The term Artificial Intelligence (AI) was said to be coined in 1953 – a time when the idea of a machine being “intelligent” was far-fetched. But today, we see AI in our everyday lives: when we unlock our phones using our face when we ask Alexa what the weather forecast is and when we use Google Maps for directions. AI makes our lives easier because it automates mundane tasks and allows us to focus our time on more important activities. Now, think about being able to have that same reality in your job. Especially if you are in sales, it’s a game-changer. I’ve certainly never heard of a seller wishing to do more customer relationship management (CRM) updates.
Sales technology today does use AI, but most vendors – and therefore, customers – don’t use it to its greatest potential. Point solutions that are centrally built around AI and machine learning (ML) as a differentiator tend to have a very narrow focus compared to wholesale systems such as sales force automation (SFA) or CRM tools. For those, AI is often a bolt-on, run outside CRMs rather than being embedded as a native and pervasive element of the whole solution. Simple probability and prediction scores are overhyped as deep machine learning, or ML models are designed using standard data and broadly inclusive features, making the algorithms inherently generic.
Given that this is the experience many sellers have with AI, they don’t find it valuable because the intelligence isn’t new, timely, or specific enough. They trust their gut, their experience, and perhaps even their manager more than a machine. But that’s not scalable when the majority of sales organizations have gone virtual, making it harder to onboard new reps and provide tailored one-to-one sales coaching and guided selling over Zoom. Plus, if the sellers aren’t adopting AI and providing feedback, it all becomes irrelevant very quickly.
And that’s assuming that the AI in your sales technology is delivered to sellers in the first place. Much of the AI available to solve sales problems focuses on helping sales operations with forecasting or helping managers spot macro trends. It’s AI for the sales organization, not necessarily for the seller.
The good news is that there is a massive opportunity to deploy AI in sales organizations that can help sellers prioritize, focus, sell, and then sell some more. AI can serve sellers by:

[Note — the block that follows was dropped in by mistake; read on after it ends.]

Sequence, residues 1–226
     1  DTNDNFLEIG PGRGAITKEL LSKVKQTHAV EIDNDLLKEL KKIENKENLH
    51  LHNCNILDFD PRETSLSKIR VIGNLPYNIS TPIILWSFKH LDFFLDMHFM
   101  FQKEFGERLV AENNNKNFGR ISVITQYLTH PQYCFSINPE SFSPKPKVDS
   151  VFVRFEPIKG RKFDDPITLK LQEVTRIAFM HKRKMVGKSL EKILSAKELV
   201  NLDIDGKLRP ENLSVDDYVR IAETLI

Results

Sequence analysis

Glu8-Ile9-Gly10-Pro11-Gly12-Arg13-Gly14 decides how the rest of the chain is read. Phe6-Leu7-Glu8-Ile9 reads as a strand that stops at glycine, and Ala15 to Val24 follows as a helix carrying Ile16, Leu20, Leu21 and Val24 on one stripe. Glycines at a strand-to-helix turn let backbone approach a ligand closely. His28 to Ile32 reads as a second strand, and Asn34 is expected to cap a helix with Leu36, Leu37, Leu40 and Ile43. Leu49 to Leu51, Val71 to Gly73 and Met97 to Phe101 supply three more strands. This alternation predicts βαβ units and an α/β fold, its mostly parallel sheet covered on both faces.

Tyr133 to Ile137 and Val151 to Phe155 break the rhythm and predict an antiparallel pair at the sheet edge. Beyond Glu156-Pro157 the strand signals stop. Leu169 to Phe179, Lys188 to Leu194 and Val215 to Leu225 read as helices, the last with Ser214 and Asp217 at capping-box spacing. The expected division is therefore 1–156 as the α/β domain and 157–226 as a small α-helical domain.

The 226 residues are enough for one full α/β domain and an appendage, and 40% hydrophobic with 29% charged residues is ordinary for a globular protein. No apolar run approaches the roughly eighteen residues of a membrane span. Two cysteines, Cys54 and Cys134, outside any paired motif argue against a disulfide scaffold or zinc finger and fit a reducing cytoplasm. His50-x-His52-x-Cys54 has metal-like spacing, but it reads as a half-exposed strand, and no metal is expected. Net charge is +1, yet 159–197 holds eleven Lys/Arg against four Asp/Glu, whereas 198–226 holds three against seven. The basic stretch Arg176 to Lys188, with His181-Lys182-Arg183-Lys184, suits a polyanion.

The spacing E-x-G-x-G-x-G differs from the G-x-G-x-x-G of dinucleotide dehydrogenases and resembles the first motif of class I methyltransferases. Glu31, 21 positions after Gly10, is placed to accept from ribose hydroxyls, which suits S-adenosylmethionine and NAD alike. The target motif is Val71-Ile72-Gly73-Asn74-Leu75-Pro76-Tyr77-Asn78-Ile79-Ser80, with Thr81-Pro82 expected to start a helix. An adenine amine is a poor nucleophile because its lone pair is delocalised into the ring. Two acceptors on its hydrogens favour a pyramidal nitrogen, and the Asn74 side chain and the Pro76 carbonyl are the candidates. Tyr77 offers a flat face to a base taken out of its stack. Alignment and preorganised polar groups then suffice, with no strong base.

Sellers were already in need of help pre-pandemic. Now, the shift to virtual selling has put more pressure on sellers to be successful and accountable to eliminate risk from the pipeline. Today’s CRM isn’t helping anyone – only 47 percent of digital sellers say their CRM is a go-to tool and it didn’t make the list of top five tools used daily by sellers according to findings from Beagle Research. It’s time to embrace AI, adopt tools that help sellers, and ultimately increase the bottom line.
Here are a few steps to see AI success in sales.
AI should just be a native, integrated, and nearly invisible element of the selling process – offering help and guidance when it is useful. It shouldn’t require an extra login or app to manage on top of the CRM. It doesn’t need a lot of extra custom fields on every page, and it doesn’t need a big flashing neon sign screaming “This is AI! Please use it!” Sellers have enough on their plate. Just build AI into intuitive CRM workflows and use it to surface insights in the appropriate context, embrace AI. And for goodness sake, don’t make reps go 4 clicks deep into a record to find an irrelevant probability score.
This will enable real-time AI which is crucial because the more you use it, the more specific and helpful it gets over time. No one cares about a recommended next best action 24 hours after a lost deal.
You need AI to suit your unique business needs. However, building, iterating on and refining AI models is time-consuming and requires expertise. You want ML tools that can speed the model creation and refinement process, or even automatically suggest and select the right model for a problem. But you can still “Bring your own data” and fine-tune those models with the features that matter to you. The brutal truth is not all data lives in the CRM and AI technology experts are not experts in your company’s unique business processes. That’s ok; you just need a plan for how to make the most of it.
The most common challenges that your sellers’ experience should be the ones that you deploy AI to tackle first. These include: how to plan/organize their day; where and how to focus their energy; how to spot leads and opportunities that are at risk for stalling; understand discrepancies between what they think they will win/close and what the actual likelihood is; and how to grow their pipeline including identifying and reacting to dormant accounts, and scan and conduct white space analysis to unearth cross-sell and up-sell opportunities. If you can free them up from the activities that consume their time, they’ll be more successful. You can always make discovering new sales models or innovating in new markets part two of the plan.
If you fully embrace AI and take these steps to realize the potential of the technology, you’ll reap the rewards of better CRM adoption, cleaner data, and more accurate forecasting. And yes, you can achieve all those goals without the weekly sales manager “account check-in” meetings or mad dashes at the end of the quarter for sellers to call deals with arbitrary win probabilities. That’s reason enough to embrace AI.
Kayleigh Halko is Senior Manager, CX Product Strategy, Oracle Advertising and Customer Experience.Reblogged 3 months ago from www.clickz.com